Women make a splash and beat the blues

Women who have joined the adult swimming lessons at Bonteheuwel public swimming pool do an exercise routine in the water.

An adult learn-to-swim programme in Bonteheuwel has many women flocking to it for both physical and mental wellness.

The Bonteheuwel Walking Ladies (BWL) is offering free classes at the public swimming pool on Monday and Wednesday mornings, and women from all over Cape Town have joined in.

BWL chairwoman Soraya Salie says many women are suffering from anxiety brought on by the Covid-19 pandemic and the stigma of testing positive, along with growing unemployment and poverty caused by the lockdown.

“Some people don’t know how to handle these challenging times, and it could lead to depression,” she said.

There is also fitness training at the poolside for those women who don’t want to go in the water.

“Covid-19 brought on a lot of negatives, but also some positives. When we, as women, gather here, we leave whatever we think is important, especially that which overwhelms us negatively. Here we realise we are the most important person on earth, and if we are not going to take care of ourselves, we won’t be able to take care of others.”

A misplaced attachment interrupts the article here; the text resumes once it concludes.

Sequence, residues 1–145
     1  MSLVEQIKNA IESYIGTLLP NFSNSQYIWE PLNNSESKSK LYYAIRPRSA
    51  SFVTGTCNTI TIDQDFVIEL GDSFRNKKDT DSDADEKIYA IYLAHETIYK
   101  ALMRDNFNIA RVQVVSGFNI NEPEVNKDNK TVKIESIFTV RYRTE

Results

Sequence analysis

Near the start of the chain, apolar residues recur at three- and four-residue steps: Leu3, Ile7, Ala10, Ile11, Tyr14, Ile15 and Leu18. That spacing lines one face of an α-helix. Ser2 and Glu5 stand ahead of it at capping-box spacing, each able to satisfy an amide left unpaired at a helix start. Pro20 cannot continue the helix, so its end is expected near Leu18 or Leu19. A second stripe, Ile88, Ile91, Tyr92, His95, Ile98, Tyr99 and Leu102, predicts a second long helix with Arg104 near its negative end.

A friend invited Sylvia Hope to the swimming lessons. “I didn’t know what to expect,” she said. But she soon fitted in.

“The ladies here are so uplifting. They made me feel welcome from the minute I arrived. They are also spiritual, and we pray together and encourage one another. I lost my job and things were tough, but after a session here, I feel revitalised and can take on whatever challenges come my way. I come here and forget all about my problems. I love being here. As women, we need to stand together and pray together.”

Moenieba Miller, 59, was very stressed after lockdown left her three children jobless, but the programme at the pool has helped, and now she doesn’t want to miss a session.

“When I am here, my mind is clear. I can even move better now. I have arthritis, and since I joined the BWL, I can now make all kinds of movements,” she said.

Edna Petersen concentrates before making her next move.

Waadeyah Kherekar comes all the way from Sunbird Park in Kuils River.

“I appreciate everything Soraya does for us,” she said. “She was the one who motivates me and gives me strength to go on. My husband is in hospital with emphysema, and his oxygen levels have depleted to such an extent that he now needs to be on an oxygen tank permanently. I was filled with so many anxieties – not being able to visit my husband in hospital, and worrying about him needing an oxygen tank when he comes home. Being here takes all the stress away, however, and I am so grateful for that.”